There are many reasons why you may need a tooth extraction. There might not be enough room in your mouth for the tooth. It might be necessary to remove the tooth before getting braces. The tooth may be decayed, rotten or damaged beyond repair. No matter what the case is, tooth extraction specialists will extract the tooth using the latest technology and recommend the proper follow-up to ensure you have a fully functioning smile.
Why a Tooth Extraction
dentists primary goal is to preserve your natural teeth. dentists may use white tooth fillings, crowns to repair decayed or damaged teeth. If necessary, a root canal may be perofmed to save your tooth. Unfortunately, some teeth are beyond repair or cause misalignment and other complications.
You may need a tooth extraction if:
- Your teeth are overcrowded, resulting in misalignment.
- You have an infected tooth that we could not successfully treat with a filling or root canal therapy.
- One of your teeth is decayed beyond restoration.
- You need one or more wisdom teeth removed.
Who should I contact when I think I need an extraction?
If you’re experiencing any type of complication with your teeth, your first step should be to contact your dentist. Many dental practices offer after-hours service for patients who have emergency needs outside of normal business hours. Your dentist will evaluate the situation to determine whether an extraction is needed, and whether it’s something that can be done in the office. This consultation typically involves X-rays and an examination of the affected tooth or teeth.
From there, your dentist will make a recommendation about whether he or she can perform the extraction, or whether you need to be referred to an oral surgeon. If the tooth can be removed using Novocain or local anesthesia, most dentists can do this right in the office, perhaps even at the same time as your consultation. If the dentist determines that an oral surgeon is necessary, most dental offices have oral surgeons they work with and can easily make a referral.
What are the reasons for referral to an oral surgeon?
There are a few good reasons why a seeing an oral surgeon may be necessary for a successful extraction:
The positioning of your teeth in your mouth may make it difficult for a dentist to perform the extraction without causing discomfort. Things like large sinuses, or limited jaw mobility necessitate an extraction by an oral surgeon.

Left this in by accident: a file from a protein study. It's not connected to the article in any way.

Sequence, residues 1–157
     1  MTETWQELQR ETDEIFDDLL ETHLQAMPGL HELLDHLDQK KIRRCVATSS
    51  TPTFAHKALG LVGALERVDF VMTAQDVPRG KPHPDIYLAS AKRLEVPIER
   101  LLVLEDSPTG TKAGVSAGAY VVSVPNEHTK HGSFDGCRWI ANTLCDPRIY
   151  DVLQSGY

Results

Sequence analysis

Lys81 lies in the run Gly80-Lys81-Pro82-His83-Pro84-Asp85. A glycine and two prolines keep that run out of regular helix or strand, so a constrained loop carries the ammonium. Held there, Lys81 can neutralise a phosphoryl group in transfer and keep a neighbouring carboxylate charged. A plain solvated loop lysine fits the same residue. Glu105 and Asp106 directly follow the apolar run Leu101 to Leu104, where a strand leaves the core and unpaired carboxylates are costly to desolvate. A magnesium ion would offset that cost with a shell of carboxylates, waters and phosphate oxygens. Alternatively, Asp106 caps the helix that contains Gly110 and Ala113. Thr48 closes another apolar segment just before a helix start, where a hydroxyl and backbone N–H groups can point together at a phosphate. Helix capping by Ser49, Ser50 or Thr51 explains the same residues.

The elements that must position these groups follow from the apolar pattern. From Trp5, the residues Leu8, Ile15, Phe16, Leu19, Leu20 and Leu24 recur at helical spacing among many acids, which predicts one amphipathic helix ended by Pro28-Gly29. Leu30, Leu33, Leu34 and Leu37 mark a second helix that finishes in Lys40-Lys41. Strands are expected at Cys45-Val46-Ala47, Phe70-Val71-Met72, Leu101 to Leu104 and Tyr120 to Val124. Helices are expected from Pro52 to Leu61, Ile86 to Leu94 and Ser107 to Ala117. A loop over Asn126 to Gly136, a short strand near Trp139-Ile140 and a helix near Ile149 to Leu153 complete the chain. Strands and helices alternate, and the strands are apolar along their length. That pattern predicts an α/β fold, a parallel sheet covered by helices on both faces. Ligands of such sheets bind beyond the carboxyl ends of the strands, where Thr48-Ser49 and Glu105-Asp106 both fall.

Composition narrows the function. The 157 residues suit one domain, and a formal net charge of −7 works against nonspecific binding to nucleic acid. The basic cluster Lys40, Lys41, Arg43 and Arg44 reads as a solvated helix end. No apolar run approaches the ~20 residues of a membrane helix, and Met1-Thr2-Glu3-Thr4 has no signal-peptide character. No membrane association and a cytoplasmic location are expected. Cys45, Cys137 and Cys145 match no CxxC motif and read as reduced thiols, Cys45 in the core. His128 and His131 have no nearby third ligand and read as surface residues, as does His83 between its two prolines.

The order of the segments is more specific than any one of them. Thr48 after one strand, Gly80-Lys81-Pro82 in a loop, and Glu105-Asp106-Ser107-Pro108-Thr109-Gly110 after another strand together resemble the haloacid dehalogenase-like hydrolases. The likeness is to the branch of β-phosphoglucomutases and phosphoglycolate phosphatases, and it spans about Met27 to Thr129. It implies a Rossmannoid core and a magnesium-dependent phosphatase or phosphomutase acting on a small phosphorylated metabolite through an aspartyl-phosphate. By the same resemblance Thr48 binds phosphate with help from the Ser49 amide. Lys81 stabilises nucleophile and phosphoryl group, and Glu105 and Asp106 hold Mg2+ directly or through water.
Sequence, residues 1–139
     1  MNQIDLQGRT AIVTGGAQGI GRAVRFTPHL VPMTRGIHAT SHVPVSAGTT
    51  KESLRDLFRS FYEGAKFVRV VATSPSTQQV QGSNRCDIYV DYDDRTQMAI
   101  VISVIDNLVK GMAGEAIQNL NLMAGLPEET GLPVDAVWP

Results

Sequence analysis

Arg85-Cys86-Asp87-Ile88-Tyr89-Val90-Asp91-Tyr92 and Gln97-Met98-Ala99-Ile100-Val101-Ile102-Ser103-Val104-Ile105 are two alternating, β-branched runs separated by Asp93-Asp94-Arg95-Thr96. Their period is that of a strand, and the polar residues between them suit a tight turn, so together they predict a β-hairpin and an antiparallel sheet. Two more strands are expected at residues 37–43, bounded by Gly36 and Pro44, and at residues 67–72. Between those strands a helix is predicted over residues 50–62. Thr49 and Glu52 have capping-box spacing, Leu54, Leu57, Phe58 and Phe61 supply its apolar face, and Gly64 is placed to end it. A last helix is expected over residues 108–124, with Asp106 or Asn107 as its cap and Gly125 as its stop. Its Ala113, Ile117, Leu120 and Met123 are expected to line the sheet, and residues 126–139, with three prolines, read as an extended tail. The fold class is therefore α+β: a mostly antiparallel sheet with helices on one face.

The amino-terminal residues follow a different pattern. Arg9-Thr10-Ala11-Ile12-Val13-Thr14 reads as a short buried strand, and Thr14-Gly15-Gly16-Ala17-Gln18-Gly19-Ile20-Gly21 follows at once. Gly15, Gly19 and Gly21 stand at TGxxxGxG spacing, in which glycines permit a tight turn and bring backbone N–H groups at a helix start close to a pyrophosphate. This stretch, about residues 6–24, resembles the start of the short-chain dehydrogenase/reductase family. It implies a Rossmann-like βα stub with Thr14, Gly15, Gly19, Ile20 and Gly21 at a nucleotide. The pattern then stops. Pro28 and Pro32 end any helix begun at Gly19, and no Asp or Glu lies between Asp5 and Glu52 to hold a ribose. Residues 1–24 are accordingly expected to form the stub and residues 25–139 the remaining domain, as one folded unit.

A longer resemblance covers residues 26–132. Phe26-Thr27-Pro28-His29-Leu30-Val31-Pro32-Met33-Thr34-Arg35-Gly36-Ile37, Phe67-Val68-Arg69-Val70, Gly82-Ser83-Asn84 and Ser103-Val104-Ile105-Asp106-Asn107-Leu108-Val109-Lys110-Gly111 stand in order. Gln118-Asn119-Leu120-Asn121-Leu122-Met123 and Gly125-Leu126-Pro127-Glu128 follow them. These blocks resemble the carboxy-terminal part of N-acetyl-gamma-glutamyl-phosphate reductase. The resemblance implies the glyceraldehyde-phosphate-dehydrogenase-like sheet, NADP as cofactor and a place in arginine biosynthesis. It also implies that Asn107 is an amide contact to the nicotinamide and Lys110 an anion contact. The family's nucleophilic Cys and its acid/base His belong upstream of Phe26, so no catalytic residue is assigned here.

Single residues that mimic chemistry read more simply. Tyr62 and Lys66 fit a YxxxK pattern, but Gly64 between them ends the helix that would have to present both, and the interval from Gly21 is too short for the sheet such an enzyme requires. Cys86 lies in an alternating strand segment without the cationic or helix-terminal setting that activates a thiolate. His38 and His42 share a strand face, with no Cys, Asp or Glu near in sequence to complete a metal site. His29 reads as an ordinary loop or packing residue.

Cracked or Fractured Teeth
Teeth that are already cracked or fractured are likely to break more during the extraction, which requires a more intensive surgery similar to what’s needed for an impacted tooth.
As much as any dentist strives perfection, things can go wrong during some extractions. If the tooth has complex roots or cracks during the procedure, an oral surgeon may be needed to complete the process. In this case, you would be referred to a surgeon as quickly as possible to minimize discomfort and the risk for further complications.
Can a procedure be done by either or?
There are a few instances where it’s perfectly fine to have a dentist or oral surgeon work on your teeth.
If your teeth are impacted, or fully below the gum line, removing them becomes much more complex than simply pulling them out. However, this procedure may be able to completed by either a dentist or an oral surgeon. The procedure will likely involve general anesthesia and cutting into the mouth to remove the teeth – but if you feel more comfortable with an oral surgeon talk to your dentist for a great recommendation.
Regardless of the physical situation with your tooth, some patients prefer to be asleep for an extraction if they suffer from dental anxiety or a fear of going to the dentist. Both dentists and oral surgeons can administer sedation. Communicate your concerns about dental work, and your dentist or oral surgeon will be able to work with your needs. Never receive anesthesia from someone who is not a trained professional in case you have an adverse reaction to it.
Before the Dental Extraction